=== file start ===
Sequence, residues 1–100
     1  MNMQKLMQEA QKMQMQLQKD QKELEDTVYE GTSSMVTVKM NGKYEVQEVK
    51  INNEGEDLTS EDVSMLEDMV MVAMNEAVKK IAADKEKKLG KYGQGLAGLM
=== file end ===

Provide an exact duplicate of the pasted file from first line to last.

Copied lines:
Sequence, residues 1–100
     1  MNMQKLMQEA QKMQMQLQKD QKELEDTVYE GTSSMVTVKM NGKYEVQEVK
    51  INNEGEDLTS EDVSMLEDMV MVAMNEAVKK IAADKEKKLG KYGQGLAGLM